- In classic snapping, snapping settings are specified in the Snapping Environment window, where you can manage the individual snapping types, layers, and priorities.
No snapping occurs until you check some boxes in the window. You can drag and drop layers up and down the list to change the snapping order; layers at the top will be snapped to before layers further down the list. To snap to points, check the Vertex box since there is no specific point snap type in classic snapping.
Classic snapping functionality is off by default and has been replaced with the Snapping toolbar, which provides a flexible, easy-to-use snapping environment with more snapping types, more options, and better feedback than classic snapping. Since there may be some scenarios where you need to access the classic snapping environment, you can choose to switch to classic snapping.
Enabling classic snapping is most useful for complicated maps with lots of overlapping layers. When working with complex utility data, for example, classic snapping may be beneficial because you have many features in one location, but need to snap easily to a particular feature and in a certain order.
If you are creating water mains, you could move that layer up in the list so new mains snap to existing mains first and set whether they should snap at vertices, edges, or ends. Since utility data often has many point features, you can reorder the point layers in the list so new lines connect to certain points, such as system valves or hydrants, before they snap to other types of point features.
If you do not want to snap to a particular layer at all, uncheck it from the list. However, features not visible because of definition queries can still be snapped to when you are using classic snapping. This kind of fine management of the snapping environment is only possible with classic snapping. However, this also takes a lot of work to maintain and set up, considering that each layer in the map is listed in the window and has three separate boxes to check.
So, if you are trying to snap to a feature but no snapping occurs, you have to sort through a potentially lengthy list of layers and check boxes to enable the snapping. With the Snapping toolbar, snapping is on for all layers. Each snapping environment has trade-offs of ease versus control that you need to evaluate.
The Snapping toolbar might take some time to get used to, but its simplicity and power should meet the needs of most editing tasks. However, you can switch between the snapping environments at any time on the Editing Options dialog box so you can use the one that is most appropriate for your current work. : About snapping—ArcMap | Documentation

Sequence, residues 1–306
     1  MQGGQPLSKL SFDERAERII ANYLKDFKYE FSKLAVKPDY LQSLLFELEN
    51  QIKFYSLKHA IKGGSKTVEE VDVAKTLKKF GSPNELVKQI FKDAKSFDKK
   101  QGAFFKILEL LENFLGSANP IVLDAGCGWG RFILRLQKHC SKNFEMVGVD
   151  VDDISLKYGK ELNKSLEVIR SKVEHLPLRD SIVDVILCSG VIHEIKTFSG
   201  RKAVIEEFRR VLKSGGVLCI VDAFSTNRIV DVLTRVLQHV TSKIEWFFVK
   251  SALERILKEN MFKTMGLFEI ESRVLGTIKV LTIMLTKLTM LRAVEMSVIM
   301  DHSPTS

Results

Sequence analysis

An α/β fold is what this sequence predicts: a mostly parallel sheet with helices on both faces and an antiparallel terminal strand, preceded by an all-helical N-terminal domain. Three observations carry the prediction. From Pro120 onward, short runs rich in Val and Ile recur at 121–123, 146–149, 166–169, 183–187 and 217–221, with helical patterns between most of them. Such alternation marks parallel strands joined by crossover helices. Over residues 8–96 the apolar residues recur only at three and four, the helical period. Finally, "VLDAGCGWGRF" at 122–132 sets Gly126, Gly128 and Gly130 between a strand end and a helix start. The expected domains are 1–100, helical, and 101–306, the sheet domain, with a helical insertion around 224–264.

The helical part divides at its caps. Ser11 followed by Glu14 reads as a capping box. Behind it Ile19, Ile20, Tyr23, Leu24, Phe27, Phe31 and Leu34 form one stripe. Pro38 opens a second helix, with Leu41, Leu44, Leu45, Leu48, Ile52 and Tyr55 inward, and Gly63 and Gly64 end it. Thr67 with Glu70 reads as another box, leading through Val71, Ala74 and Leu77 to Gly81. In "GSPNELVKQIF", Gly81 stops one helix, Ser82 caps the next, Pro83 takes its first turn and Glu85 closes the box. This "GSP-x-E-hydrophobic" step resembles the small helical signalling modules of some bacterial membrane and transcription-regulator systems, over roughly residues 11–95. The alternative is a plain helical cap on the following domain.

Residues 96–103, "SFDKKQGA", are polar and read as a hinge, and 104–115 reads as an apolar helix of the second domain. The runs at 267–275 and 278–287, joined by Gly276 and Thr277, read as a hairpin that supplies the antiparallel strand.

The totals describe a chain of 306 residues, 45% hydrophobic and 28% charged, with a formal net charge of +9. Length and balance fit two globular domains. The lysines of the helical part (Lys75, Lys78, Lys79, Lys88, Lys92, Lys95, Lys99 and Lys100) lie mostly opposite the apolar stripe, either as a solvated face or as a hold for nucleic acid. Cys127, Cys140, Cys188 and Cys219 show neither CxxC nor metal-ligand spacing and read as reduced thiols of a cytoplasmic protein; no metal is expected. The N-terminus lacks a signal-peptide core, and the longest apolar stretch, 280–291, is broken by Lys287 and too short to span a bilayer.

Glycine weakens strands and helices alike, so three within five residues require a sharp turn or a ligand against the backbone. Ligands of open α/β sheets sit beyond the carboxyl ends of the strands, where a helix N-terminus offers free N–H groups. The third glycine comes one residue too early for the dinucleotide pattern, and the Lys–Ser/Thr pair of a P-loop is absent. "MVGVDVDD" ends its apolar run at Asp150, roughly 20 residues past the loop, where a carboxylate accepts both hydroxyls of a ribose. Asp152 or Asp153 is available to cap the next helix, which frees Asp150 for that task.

How do I control click in Photoshop?
How to temporarily turn Auto-Select back on – Then, any time you want to temporarily turn Auto-Select back on, press and hold the Ctrl (Win) / Command (Mac) key on your keyboard. Click on the contents of the layer you want to auto-select, and then release the Ctrl / Command key to turn Auto-Select back off.
- To auto-select multiple layers, press and hold Ctrl (Win) / Command (Mac) to temporarily turn Auto-Select on, and then add the Shift key.
- Click in the document to select the layers you need, and then release the keys to turn Auto-Select back off.
- Note that you’ll need to have the Move Tool active for these shortcuts to work.
You’ll know that Auto-Select is on because the checkmark will reappear in the Options Bar. When you release the Ctrl / Command key, the checkmark will again disappear: The checkmark appears and disappears as you toggle Auto-Select on and off. And there we have it! That’s how to use the Auto-Select feature to quickly select single layers, multiple layers and layer groups in Photoshop! Check out our Photoshop Basics section for more tutorials! And don’t forget, all of our tutorials are now available to download as PDFs !
How do I move an image in Photoshop without snapping?
Try using this Photoshop keyboard shortcut when a layer inadvertently snaps to an object. Hold Ctrl (Windows) or Command (macOS) after you start to drag to prevent Photoshop from snapping the layer to other objects.
How do I turn off snapping arc pro?
Tip: – Press and hold the spacebar to temporarily turn off snapping as you create, modify, or measure features.
What is snap controls?
Snap to grid means controls are automatically aligned to grid points. If this feature is enabled, the corner handles of a control automatically move from one grid point to another grid point when you move or resize the control. When you add a control to a document, the top left corner of the control is aligned to a grid point.